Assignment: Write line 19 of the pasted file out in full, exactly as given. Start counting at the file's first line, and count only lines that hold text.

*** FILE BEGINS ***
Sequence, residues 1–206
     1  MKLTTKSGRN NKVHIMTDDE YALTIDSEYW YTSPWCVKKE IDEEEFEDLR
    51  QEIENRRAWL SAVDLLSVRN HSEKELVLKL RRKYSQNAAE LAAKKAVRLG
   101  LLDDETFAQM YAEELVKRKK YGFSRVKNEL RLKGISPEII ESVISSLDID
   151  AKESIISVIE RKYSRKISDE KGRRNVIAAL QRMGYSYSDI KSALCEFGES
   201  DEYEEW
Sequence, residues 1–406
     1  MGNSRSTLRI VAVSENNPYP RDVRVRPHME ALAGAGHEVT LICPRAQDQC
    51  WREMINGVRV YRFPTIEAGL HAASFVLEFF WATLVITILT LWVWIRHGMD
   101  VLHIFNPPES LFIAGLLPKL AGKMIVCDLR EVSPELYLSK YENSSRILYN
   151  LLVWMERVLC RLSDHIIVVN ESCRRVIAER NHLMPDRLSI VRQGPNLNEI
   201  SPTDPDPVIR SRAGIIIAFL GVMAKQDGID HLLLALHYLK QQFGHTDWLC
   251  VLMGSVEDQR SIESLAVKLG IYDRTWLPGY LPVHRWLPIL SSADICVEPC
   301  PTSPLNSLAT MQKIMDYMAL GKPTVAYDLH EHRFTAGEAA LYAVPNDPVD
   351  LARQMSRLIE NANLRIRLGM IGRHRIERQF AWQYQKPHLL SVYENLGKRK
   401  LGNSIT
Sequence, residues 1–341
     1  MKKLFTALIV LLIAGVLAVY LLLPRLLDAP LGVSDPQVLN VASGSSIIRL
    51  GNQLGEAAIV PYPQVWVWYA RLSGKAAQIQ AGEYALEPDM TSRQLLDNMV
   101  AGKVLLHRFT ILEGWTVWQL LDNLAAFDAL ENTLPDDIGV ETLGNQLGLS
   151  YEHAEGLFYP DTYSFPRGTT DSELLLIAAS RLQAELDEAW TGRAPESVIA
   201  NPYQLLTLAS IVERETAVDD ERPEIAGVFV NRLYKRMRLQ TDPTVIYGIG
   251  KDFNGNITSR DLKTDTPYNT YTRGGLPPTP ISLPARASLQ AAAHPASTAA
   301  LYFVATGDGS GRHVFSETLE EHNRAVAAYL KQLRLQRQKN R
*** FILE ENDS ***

    51  GNQLGEAAIV PYPQVWVWYA RLSGKAAQIQ AGEYALEPDM TSRQLLDNMV